Today is the day for giving thanks and the first thing I want give thanks for is freedom – the concept that we own ourselves and the fruits of our labor – that we have natural innate rights. Thanksgiving is the perfect day to recall why individual liberty and property rights are so important – because that is the REAL story of Thanksgiving.
Since this is the weather blog and I often write about technology and its relation to anthropogenic global warming (AGW), I also give thanks that environmental Armageddon has not occurred as forecast. From the beginning 1989 through the 1990s, environmental headlines and research papers were full of dire predictions of enormous warming and biosphere destruction. THANKfully, the global temperature leveled out for the last decade or so. THANKfully, through the years, global climate models (GCMs) have been refined and will hopefully provide us with more accurate guidance through future years. I have often argued that playing to hysteria and fear (always stating the worst case scenario as the true scenario) will only produce irrational decisions on how to navigate the future. Better to assess the range of possibilities and solutions to energy use and pollution than to run scared for years to come.
With that said, here are a few AGW headlines I have seen cross the wire over the last few days:
Polar bears are threatened with extinction. Biologists think that if polar bears are unable to hunt seals, that they will have to compete with grizzly bears for food. Because of a stronger skull structure in Grizzly bears, they would likely win that fight. It is interesting to note that polar bears very recently descended from brown bears and brown bears co-exist with grizzlies so I think there is hope, even if there is less sea ice in the future.
With warmer ocean temps and warmer water temps in general (in many fresh water lakes as well), one might think sea-ice would decline a bit in the future, but that might not be the case. Large land-based ice sheets are not melting as fast as once thought and have built in self-preservation mechanisms. In addition, due to the non-linear nature of climate changes, there could be outbreaks of extreme cold in the future. Just because the headlines say the earth has a temperature, don’t think that we won’t still have cold winters here in Wisconsin.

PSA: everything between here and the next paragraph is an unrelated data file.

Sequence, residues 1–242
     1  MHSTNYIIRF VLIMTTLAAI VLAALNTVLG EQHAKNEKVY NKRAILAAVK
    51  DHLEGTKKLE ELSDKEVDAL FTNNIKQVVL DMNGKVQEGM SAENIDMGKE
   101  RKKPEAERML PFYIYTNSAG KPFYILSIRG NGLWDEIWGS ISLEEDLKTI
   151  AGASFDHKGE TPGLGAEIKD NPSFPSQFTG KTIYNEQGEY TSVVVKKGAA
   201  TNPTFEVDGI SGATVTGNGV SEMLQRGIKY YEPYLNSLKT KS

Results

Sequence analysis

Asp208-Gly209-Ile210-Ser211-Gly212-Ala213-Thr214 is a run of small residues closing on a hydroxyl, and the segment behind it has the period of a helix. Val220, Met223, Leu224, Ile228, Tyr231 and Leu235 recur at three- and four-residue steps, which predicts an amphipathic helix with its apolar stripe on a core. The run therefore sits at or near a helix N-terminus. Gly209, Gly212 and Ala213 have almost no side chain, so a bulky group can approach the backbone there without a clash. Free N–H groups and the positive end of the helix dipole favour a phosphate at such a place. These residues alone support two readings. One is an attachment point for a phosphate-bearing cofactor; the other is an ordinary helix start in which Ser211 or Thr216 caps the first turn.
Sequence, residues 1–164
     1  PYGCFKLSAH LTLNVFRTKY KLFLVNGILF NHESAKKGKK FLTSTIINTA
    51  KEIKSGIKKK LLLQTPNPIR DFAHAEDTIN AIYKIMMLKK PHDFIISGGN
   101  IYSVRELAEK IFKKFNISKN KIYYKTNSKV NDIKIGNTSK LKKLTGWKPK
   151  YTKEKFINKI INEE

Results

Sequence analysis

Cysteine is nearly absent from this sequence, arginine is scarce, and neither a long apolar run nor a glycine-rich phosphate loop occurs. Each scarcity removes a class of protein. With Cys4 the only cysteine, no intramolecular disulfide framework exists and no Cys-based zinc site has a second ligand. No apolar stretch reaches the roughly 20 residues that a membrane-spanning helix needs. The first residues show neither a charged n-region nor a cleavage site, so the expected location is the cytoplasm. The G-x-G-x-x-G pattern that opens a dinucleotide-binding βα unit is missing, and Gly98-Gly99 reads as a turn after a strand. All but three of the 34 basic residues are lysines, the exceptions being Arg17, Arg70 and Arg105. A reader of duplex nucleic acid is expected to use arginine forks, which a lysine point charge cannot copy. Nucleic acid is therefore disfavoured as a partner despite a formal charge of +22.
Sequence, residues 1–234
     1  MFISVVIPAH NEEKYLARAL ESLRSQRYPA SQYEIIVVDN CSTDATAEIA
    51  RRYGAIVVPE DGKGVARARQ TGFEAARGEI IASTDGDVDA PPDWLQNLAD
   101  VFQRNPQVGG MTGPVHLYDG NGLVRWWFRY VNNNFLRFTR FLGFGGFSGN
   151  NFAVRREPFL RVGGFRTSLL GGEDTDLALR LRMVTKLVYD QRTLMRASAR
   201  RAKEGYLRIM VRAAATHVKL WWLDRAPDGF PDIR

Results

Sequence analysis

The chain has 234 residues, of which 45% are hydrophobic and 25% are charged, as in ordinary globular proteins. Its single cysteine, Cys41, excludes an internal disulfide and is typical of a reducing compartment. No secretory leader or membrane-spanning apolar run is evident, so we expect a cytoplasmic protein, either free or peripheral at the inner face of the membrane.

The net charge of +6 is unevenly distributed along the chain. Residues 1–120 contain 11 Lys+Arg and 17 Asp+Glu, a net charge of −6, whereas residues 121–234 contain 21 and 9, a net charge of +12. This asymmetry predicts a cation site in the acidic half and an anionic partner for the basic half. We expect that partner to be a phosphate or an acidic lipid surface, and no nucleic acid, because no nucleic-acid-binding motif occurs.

Of course some other recent research states there will be more heat (and hurricanes, and rain), but that is not the end of the story. The threshold ocean temperature for the formation of hurricanes is rising, so perhaps there will be less hurricanes in the future. Plus, we don’t quite understand how the main circulation patterns in the ocean will be affected by AGW. Altantic ocean circulation could reverse!
Scientists are still not completely sure how the earth got into long periods of extreme glaciation (the “snowball earth”), so I suppose colder temps and more ice are a possibility for the far future as well.
In a bit of good news, after the recent election it appears that cap-n-trade legislation in the U.S. is unlikely to become law. This is good news because cap-n-trade for limiting carbon emissions is probably the worst possible way to go about it – unnecessarily complex and wide open to manipulation. If something like this is going to become law, then a straight up tax is much more efficient and transparent. I think we should be using other liberty-based incentive-type programs to limit pollution, but if politicians are going to pass some new legislation, then at least they should be going with something simple.
In other good news, humans might be off the hook for the extinction of woolly mammoths. The culprit might be – you guessed it – climate change.
Lastly, I turns out we had 1.5 inches of snow in Wausau yesterday, November 24th, and that means we have 5 winners in our first snowfall contest. The winners for the top 4 prizes (R-store gift cards and car wash coupons) will be drawn on Monday on Wake-Up Wisconsin and then revealed on Tuesday.
Have a happy Thanksgiving! Meteorologist Justin Loew.
Posted under AGW, Climate Change, Environment, First Snowfall 2010
This post was written by jloew on November 25, 2010